A Plus
A Plus

A life in the day


Making weird decisions

Nury Vittachi

Hong Kong’s humorist meets Institute member Louis Leung

Most youngsters live for the moment. But a Hong Kong boy named Louis Leung was born with a rare ability to see things from a long-term perspective – not just years ahead, but decades.

Louis was born to a couple who were happy but busy. His father had an entrepreneurial streak and ran a successful business providing bookkeeping and tax filing services to a list of clients. His mother had a husband and six children to care for.

The boy grew up with a strong sense of having good values. He was educated at St. Louis School, a famous Catholic educational establishment in Sai Ying Pun, and he also had a powerful awareness of the Confucian duty to respect and serve his elders.

So one day, the primary-school child offered to help his busy father. Leung senior was surprised, but accepted the offer. It became a regular habit. By the time Louis was a teenager, he’d become a useful bookkeeping and tax filing assistant.

After finishing his education, the young man received two high-paying government job offers and one public sector job offer with a low salary.

Most young people would have jumped for the big bucks, an impressive HK$2,000 a month plus job security.

But Louis used his “long-term view” superpower – and made a decision that surprised his friends. He chose the job with a much smaller pay packet, just HK$740 a month, at an accountancy firm called Peat Marwick McClintock, known as PMM. Not only was the salary low, but life was hard.

Young Louis worked night and day. He toiled at the office all day and spent every evening and weekend studying for accountancy exams. For four years, he did not give himself a break – and succeeded in completing all the 18 subjects that accountants studied in those days.

But the struggle was still not over. He needed a reference letter to get his practising certificate, but the PMM personnel officer refused to issue one, since the firm’s policies limited the issuing of such certificates to partners. “If you stop trying to apply for the certificate, we’ll give you a promotion and a pay rise,” the officer said.

It sounded good… but was it? Once more, Louis used his “see the long term” superpower.

If he took a more independent route, he might be very glad he did so, some 30 or 40 years later. He declined the promotion, resigned from PMM, joined a different firm, received his practising certificate, and eventually branched out on his own.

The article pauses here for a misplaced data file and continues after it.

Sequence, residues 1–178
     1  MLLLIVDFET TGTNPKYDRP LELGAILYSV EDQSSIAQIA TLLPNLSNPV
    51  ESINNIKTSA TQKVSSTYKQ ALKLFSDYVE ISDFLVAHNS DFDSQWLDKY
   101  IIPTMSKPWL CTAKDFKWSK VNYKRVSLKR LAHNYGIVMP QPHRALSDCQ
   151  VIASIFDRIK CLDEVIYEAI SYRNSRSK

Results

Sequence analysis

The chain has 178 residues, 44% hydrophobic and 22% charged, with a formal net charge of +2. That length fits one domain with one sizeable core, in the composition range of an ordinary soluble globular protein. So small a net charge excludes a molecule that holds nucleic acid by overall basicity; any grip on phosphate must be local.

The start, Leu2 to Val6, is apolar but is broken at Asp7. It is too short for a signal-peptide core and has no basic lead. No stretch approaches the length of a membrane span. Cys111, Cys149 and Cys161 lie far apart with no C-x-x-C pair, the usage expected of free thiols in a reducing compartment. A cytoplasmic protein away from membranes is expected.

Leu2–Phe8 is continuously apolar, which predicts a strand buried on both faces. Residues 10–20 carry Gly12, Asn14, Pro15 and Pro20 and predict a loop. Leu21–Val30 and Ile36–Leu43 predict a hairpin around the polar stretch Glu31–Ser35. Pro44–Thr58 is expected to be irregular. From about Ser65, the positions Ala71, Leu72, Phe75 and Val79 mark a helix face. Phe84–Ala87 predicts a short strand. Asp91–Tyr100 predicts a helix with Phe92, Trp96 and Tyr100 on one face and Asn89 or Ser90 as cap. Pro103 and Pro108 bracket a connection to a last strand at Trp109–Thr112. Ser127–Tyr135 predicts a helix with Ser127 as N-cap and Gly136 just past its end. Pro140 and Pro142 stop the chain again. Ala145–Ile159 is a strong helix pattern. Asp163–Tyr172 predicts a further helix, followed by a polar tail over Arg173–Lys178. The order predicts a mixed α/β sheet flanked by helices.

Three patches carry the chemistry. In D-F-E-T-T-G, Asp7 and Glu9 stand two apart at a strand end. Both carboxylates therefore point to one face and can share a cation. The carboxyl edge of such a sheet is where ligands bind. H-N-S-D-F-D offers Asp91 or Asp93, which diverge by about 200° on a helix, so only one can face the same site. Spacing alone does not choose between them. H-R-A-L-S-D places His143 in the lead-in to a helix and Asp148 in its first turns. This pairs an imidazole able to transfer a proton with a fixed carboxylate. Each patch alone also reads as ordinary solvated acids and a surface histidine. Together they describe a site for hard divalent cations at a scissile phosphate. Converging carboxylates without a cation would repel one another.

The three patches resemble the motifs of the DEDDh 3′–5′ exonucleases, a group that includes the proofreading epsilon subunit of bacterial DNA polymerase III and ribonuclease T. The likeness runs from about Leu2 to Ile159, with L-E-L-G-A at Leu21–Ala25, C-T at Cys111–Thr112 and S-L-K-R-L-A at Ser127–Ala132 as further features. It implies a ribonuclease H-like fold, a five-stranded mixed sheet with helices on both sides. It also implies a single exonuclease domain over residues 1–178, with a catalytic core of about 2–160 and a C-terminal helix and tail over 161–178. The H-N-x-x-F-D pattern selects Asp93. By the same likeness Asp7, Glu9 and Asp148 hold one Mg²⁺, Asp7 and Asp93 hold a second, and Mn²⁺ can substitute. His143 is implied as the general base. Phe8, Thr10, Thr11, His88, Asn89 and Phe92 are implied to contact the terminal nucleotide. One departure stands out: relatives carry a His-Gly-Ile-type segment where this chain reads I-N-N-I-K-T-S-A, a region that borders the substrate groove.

Today, Louis runs Wing On Professional Group, one of the most respected Hong Kong born professional service firms on the international stage. In its early days, it was sometimes confused with On Wing, which is the Chinese name of Ernst & Young, but soon became a brand in its own right.

But the accounting business is not easy in Hong Kong, with the high rate of competition putting downward pressure on fees. “Your workload increases while your income can decrease,” he realized. And with so many accounting graduates being produced by universities in Hong Kong, competition was always rising.

Fortunately, Louis made good use of the entrepreneurial skills he inherited from his father to expand internationally. As well as Hong Kong, Wing On now has team members in Shanghai, Beijing, Guangzhou, Chongqing, Taiwan and Cyprus.

He is also developing the range of services he offers, moving into IT, education, health, financial planning, and many others – last year, he even formed Wing On Multi-Media Production Company following a client’s conference.

As the boss of a thriving independent firm, Louis can arrive at the office whenever he likes, and leave whenever he likes – and never needs to retire at all. He can spend weekends with his family, and has a healthy range of hobbies, from watching movies, to singing, to playing badminton and other sports. 

It’s a good life. But he achieved it by making unusual choices at all the key moments – and his winding career path is a good lesson to any young person who has to make career choices. Don’t look at the money. Look at the long-term prospects. You’ll be glad you did.

Nury Vittachi is a bestselling author, columnist, lecturer and TV host. He wrote three storybooks for the Institute, May Moon and the Secrets of the CPAs, May Moon Rescues the World Economy and May Moon’s Book of Choices.